How My Uncle, a Painter, Inspired My American Jewish Dream
I was 6 years old when my mother took my sister and me to our great Uncle Jennings’ studio by the ocean, where he drew a portrait of me. He said he saw something in my eyes that spoke of a deep soul. He died only a few years later, but I will never forget him.
Uncle Jennings was my Papa George’s brother, and I remember once asking my Nana Eva about him. She said he was “a Bohemian,” and the family didn’t really associate too much with him because they thought what he did was frivolous.
In my view, though, what Uncle Jennings did was anything but frivolous.
Jennings Tofel was born on October 18, 1891 in the town of Tomashev, in the province of Lodz, in central Poland. His father, Yosif Toflexicz was the town’s best ladies tailor. Jennings’ paternal grandfather, Reb Heshka, was the son of an eminent scholar, a dayan (judge of a rabbinic court) who, absorbed in his own scholarly pursuits, had neglected Heshka’s education. When Yehudah (Jennings’ Hebrew name) was born, his father imagined that his son would take up the mantel of a long family line of distinguished rabbis and men of learning.
But as a young boy of 7, Jennings had a terrible accident and broke his back. It was never set properly, and that fixed the course of his life – a life of pain and deformity. He moved to America when he was 14 years old, and in time, he entered college at the City College of New York. It was during that time that his artistic talent was recognized, and he started to paint. As a result, what originally appeared to be a curse was seen as a blessing, for the gift that emerged from his fingertips was truly extraordinary.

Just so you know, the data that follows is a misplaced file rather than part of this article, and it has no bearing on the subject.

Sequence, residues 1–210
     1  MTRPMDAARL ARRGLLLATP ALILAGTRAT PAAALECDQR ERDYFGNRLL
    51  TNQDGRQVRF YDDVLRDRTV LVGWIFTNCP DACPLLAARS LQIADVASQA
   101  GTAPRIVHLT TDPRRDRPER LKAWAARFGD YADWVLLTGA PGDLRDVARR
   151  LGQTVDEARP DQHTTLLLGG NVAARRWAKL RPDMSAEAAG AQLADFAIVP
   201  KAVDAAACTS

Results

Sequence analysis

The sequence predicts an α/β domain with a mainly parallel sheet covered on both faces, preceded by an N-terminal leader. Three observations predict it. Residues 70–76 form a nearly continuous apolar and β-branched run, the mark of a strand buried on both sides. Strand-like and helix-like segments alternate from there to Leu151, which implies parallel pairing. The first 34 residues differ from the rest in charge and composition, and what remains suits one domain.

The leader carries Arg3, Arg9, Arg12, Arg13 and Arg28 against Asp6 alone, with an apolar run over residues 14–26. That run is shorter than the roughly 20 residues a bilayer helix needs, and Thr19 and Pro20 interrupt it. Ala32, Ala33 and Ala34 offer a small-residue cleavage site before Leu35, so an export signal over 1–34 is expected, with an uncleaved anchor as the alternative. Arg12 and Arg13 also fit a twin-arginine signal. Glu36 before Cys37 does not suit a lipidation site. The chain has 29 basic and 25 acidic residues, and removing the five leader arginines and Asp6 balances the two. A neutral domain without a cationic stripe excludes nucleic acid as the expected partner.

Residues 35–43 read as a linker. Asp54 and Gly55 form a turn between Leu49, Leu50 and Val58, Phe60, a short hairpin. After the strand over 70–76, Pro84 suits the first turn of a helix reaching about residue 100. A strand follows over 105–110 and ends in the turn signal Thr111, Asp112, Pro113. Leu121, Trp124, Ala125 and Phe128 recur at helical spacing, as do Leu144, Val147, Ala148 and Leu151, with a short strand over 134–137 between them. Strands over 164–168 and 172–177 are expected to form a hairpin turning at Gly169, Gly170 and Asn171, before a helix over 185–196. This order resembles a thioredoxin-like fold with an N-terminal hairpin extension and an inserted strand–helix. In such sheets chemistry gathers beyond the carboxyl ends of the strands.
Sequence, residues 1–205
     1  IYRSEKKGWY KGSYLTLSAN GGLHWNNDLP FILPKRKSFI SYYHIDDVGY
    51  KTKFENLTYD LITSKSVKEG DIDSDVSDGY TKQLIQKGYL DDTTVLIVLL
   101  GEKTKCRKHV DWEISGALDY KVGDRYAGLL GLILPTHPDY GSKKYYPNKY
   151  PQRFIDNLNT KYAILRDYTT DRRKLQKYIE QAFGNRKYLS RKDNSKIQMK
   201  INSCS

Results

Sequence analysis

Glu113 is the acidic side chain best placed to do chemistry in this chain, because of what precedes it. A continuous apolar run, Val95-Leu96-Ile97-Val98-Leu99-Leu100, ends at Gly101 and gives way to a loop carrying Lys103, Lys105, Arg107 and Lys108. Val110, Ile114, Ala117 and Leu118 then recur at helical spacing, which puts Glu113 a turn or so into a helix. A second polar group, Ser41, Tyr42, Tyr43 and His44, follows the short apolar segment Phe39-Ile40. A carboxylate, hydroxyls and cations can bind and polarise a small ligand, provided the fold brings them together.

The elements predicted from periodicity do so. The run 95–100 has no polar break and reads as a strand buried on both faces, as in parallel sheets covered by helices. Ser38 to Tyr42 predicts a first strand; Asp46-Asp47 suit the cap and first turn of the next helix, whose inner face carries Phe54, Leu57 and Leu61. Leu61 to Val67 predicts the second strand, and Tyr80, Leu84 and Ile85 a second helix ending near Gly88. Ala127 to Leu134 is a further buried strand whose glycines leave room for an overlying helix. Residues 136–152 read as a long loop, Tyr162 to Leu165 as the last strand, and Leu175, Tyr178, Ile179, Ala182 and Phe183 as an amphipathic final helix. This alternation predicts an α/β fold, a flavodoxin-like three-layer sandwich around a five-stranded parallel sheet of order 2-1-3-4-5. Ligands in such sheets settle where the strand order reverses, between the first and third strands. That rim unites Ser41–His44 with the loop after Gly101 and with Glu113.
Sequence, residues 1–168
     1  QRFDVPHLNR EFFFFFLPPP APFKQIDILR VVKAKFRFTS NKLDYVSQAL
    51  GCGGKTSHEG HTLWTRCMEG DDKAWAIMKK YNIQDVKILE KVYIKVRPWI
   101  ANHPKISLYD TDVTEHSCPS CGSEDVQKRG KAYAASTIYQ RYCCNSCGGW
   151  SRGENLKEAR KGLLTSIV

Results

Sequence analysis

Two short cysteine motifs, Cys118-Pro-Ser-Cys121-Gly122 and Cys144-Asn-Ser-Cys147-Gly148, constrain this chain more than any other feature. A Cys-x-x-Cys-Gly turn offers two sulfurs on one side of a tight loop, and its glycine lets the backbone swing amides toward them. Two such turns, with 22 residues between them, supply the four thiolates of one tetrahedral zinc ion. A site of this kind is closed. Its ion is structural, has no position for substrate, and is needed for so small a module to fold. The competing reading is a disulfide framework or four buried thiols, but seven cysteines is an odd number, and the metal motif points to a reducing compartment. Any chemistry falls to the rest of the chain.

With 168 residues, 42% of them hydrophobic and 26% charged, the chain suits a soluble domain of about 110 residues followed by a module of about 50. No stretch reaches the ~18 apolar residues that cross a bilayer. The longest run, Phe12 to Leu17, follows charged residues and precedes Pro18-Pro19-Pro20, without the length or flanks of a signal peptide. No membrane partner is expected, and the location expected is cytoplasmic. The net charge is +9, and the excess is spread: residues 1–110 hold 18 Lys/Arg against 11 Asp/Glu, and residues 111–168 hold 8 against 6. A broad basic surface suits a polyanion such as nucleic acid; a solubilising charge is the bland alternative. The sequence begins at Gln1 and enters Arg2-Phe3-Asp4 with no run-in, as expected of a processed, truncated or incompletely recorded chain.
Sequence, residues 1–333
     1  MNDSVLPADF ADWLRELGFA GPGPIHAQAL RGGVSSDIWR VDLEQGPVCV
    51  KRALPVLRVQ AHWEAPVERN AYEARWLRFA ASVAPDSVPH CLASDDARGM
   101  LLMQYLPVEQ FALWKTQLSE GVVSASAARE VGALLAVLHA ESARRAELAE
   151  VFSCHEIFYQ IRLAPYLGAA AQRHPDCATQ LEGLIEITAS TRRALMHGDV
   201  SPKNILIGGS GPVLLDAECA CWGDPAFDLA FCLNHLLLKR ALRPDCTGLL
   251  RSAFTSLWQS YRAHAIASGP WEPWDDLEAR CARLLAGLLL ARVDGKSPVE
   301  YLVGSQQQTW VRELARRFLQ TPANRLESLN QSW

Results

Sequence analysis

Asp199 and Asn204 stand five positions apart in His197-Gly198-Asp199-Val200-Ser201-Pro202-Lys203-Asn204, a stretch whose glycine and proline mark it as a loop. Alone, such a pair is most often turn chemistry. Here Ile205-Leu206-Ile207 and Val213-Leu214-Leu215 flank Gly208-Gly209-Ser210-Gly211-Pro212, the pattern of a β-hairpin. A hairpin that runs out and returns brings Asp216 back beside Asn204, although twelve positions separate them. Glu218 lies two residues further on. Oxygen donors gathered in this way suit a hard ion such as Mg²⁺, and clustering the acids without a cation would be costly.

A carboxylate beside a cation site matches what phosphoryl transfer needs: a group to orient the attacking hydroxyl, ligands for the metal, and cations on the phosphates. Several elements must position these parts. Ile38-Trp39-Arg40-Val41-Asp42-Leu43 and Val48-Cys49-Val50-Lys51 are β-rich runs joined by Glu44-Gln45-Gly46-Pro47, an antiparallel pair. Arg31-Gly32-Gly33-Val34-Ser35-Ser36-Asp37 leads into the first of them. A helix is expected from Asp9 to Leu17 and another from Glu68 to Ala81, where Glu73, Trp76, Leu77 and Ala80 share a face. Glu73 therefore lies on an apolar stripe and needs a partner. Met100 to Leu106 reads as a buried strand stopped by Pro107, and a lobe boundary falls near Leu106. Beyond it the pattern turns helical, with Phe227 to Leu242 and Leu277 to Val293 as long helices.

Jennings was an Expressionist painter. As Arthur Granick, a friend and avid collector of his works, once wrote,
“At one time Expressionism was considered, and often angrily dismissed, as ‘typically Teutonic’ or even ‘typically Jewish.’ But it is interesting to recall that the majority of immigrant artists either were full-fledged Expressionists or could, at least at some point in their career, be considered Expressionists.”
Jennings was influenced by the cry of anguish reflected in the works of Edvard Munch, a Norwegian artist of an earlier generation, who displayed the knowledge of the kinds of tortures invented by men for other men.
In the 1920s and 1930s, Jennings was a part of a group of talented men and women who formed an enclave within American art, a sort of equivalent to the Ecole Juive in Paris. These immigrants brought with them from the old country the Yiddish language, Jewish legend and lore, and art. Uncle Jennings was one of the best-known among this group of unknowns (the Whitney Museum of American Art purchased one of his pictures in 1932), and he became a protégé of American photographer Alfred Stieglitz.
Jennings’ essays “Form in Painting” and “Expression” for the Societe Anonyme were among the precursors to New York’s Museum of Modern Art, and he also wrote numerous essays on art in Yiddish for Jewish publications; his written collections are now housed at the YIVO Institute for Jewish Research. Today, his paintings are part of the Hirshhorn Collection, the Smithsonian American Art Museum, and the Boston Museum of Fine Arts, among others.
Uncle Jennings’ portrait of that little 6-year-old girl sits in my home study. A soulful child, she was inspired by a strange little man to follow her dreams and express her passion and connection to her people. I look at it often and find that it, and the other paintings of Jennings Tofel that hang in my home, continue to inspire me and connect me to my own family’s history and the history of the American Jewish Diaspora. More than that, it reminds me constantly of the ongoing journey of that 6-year-old and her role in the journey of her people.